Say you have shortlisted two professionals to buy the same service from.
They have the same skill set, the same level of experience and the same script. They are both pitching that their ability to creatively think outside of the box, confidence in their methods, forward thinking and great customer service are their brand strengths.
They are both selling “if you buy from me, I will help you achieve the successful outcome that you’re after”. They are promising they are going to equip you with the skillset that will take you to the next level.
Both professionals meet with you to do their pitch. Professional 1, chose to present herself as per the picture above (example 1). Professional 2, shows up presented as per example 2.
Both women, with the same skillset, experience and strengths have presented in very different ways. Who do you think undeniably looks like they’re a forward thinker, confident and has the creative ability to think outside of the box? Who makes you feel like you can buy from them with the confidence that you’ll get the results that you want? Who leaves an impression that what they are pitching is true?
Their line of work is irrelevant here. They could be in any industry. What’s important is their personal brand values and how they have chosen to represent this.
In just seven seconds of looking at these pics, we would have made 11 rapid-fire decisions about each woman based on the way she has chosen to present herself. These decisions sit on the subconscious level. Our mind zooms in and scurries to find visual clues to support what is being said. It’s a natural human protective mechanism – we trust what we see more than any other sense. Just like we tend to trust those that, “walk the talk”. And, we believe that “actions speak louder than words” – show me and I will believe you.
When I run this exercise at keynote speaking events on “how your image is affecting your professional success”, the audience always chooses to buy from the woman in example 2. I, for one, would also buy from that same woman.
Here’s the tricky part. The woman in example 1 may be the most reliable, most efficient, most driven and hungry to get you the results. She may even be the best damn person in her industry. Yet, her image is undermining her message. The pieces of fabric that are covering her body are contradicting her personal brand’s strengths, personality and values. Without the strategic skillset of how to represent her brand, she may have chosen to wear what she thinks is the best outfit in her wardrobe. Yet, it’s not a reflection of her personal brand and costing her potential clients, without her necessarily realising it.
Yes, I hear you, she looks like a lovely person, reliable and sweet. If those were her brand values and they’re working for her to gain high level clientele in her target market, then that’s definitely coming across.
However, there are many visual clues that bring many to the same conclusion in this case study. The obvious visual clues are there, for example – the choice of shoes (they’re dated, which contradicts “forward thinking”) and the ill-fitting suit (this instantly cuts the perception of confidence and professionalism).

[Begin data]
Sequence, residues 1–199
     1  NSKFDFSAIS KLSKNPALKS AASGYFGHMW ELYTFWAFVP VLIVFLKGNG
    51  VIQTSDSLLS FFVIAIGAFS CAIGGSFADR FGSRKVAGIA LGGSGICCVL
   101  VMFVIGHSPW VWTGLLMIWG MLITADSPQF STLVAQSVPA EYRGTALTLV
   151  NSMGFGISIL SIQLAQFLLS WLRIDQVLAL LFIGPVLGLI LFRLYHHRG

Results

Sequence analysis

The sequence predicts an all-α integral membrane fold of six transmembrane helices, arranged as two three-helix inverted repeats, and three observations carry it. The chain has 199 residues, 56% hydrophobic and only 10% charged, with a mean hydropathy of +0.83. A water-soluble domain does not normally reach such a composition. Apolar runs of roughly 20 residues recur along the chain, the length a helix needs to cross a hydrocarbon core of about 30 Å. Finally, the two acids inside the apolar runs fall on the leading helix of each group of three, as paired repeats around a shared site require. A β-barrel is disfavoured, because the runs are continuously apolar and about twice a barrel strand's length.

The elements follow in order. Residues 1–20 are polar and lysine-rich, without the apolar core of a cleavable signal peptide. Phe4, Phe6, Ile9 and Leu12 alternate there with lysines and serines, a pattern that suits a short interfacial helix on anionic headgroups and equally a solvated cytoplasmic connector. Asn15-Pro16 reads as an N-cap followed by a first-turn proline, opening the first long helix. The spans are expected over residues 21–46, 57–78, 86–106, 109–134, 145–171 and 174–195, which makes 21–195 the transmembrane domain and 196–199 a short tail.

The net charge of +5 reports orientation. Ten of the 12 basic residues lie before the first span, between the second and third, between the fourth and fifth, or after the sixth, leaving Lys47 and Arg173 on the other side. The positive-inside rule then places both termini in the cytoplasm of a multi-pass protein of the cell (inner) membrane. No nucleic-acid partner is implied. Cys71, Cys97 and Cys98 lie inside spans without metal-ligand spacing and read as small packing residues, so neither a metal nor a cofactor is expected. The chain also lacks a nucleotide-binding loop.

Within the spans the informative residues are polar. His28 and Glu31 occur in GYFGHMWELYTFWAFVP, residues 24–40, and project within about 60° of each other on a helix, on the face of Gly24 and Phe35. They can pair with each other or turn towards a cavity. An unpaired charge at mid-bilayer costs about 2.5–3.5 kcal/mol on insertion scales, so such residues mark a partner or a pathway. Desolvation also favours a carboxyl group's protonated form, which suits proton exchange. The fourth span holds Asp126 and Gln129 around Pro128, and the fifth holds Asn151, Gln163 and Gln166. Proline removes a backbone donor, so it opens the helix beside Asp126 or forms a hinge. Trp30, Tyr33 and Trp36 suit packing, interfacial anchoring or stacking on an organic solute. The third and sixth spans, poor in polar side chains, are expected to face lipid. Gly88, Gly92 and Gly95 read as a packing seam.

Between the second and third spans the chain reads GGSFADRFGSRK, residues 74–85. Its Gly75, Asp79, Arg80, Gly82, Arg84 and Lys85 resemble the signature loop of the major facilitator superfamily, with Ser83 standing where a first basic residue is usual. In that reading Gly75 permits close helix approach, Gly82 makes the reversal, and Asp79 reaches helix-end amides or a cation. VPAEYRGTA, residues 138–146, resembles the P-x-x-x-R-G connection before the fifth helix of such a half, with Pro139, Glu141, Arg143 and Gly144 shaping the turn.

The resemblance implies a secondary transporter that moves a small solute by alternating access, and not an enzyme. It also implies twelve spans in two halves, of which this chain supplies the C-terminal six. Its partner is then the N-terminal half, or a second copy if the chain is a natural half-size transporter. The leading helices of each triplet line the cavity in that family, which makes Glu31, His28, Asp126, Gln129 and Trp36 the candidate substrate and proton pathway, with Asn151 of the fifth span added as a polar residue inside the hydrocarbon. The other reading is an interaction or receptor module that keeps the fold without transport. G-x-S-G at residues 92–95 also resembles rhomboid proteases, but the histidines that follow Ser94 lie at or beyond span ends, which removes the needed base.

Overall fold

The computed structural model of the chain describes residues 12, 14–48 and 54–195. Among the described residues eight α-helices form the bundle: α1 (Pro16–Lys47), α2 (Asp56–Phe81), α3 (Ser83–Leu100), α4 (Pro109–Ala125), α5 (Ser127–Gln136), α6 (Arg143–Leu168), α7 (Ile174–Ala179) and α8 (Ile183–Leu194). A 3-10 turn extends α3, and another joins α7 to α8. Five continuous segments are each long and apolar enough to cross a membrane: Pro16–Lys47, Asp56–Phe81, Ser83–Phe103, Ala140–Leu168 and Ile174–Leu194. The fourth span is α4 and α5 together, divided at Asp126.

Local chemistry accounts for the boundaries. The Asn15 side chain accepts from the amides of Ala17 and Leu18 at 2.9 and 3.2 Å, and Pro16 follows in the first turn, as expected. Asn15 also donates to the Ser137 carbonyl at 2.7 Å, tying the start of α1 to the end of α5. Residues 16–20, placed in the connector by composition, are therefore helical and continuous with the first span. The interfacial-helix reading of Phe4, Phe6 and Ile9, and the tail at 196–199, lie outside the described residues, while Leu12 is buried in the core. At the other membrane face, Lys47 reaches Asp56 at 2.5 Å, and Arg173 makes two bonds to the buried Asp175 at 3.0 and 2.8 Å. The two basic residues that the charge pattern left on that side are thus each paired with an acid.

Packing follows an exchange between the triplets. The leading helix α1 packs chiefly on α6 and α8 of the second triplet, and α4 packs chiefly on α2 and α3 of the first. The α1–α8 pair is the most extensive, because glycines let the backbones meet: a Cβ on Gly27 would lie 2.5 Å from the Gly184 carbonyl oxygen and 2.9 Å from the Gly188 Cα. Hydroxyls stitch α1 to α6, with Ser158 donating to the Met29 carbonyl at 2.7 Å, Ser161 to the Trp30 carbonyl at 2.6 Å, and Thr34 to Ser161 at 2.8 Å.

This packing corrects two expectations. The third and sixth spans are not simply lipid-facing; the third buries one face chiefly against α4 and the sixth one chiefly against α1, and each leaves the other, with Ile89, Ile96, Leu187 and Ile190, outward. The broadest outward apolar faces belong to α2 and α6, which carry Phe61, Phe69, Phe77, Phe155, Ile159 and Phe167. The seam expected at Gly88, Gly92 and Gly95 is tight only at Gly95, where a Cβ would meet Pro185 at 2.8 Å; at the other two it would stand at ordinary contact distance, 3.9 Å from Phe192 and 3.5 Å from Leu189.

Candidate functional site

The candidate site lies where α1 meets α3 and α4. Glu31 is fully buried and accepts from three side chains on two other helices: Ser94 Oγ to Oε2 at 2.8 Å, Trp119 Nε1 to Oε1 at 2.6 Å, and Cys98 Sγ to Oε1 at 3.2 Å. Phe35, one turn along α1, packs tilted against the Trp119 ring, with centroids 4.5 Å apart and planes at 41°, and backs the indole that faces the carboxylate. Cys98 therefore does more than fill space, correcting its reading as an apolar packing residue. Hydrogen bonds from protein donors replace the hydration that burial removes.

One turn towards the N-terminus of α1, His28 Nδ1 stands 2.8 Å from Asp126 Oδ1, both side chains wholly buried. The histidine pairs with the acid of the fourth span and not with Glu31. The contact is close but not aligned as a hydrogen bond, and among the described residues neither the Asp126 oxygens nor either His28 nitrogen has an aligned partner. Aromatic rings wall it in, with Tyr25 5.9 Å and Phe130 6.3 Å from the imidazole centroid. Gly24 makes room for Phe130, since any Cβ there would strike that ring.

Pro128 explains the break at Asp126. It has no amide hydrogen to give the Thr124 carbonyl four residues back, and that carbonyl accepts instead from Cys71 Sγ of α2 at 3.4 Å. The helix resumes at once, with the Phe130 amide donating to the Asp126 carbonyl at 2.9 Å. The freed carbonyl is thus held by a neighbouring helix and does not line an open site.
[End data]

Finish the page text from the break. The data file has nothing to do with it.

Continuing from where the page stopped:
Let’s take it to another level. She has covered up most of her décolletage. This part of the body is called the “Vital V” – when exposed it removes the barrier between her and another person and psychologically encourages connection and approachability (indirectly, reflects the commitment to “great customer service”). When this is covered up, it’s the equivalent of crossed arms in body language.
Another clue is the choice of outfit combination – it is like what you would commonly see, there aren’t any details or enhancements that suggest her ability to “creatively think outside of the box”. Overall, her image gives the impression that she isn’t a leader in her field, rather one that is being led.
When you are clear on your personal brand and have the skillset to know how to best represent that visually, your image is working for you. Suddenly, the “should-ing” disappears;
– “I should be wearing that because that’s what dressing for success is, right?”
– “I should be wearing colour because I’m always in black”.
– “My wardrobe is a mess, but I should keep this because I don’t wear it often, I might need it one day and it was expensive”
– “I should wear this because that’s what people in my industry wear”.
Instead, you’re making empowered decisions;
– “I choose to wear this because it’s aligned with my personal brand”
– “I choose to let go of this because it’s not part of my personal brand anymore”
– “I choose this outfit today because I’m off to a client meeting and these are the parts of my brand I want to highlight”
– “ I choose this outfit because it’s the best representation of my authentic self”
When your image is supporting you, you’ll know it. You’ll walk into any room, at any occasion, at any time, with the confidence that you are representing you, all of you, at your best. It will positively enhance your physiology. You will humbly, yet confidently, walk taller, communicate freely and own your place in that crowd. Your experience, skill set and hard work got you in that room and the way you present yourself will be saying, “I deserve to be here”.
Is your image your “authentic self-packaging”? Is it working with you and for you, or against you? Could it have been the one part of your brand that’s been costing you clients, without you even realising it?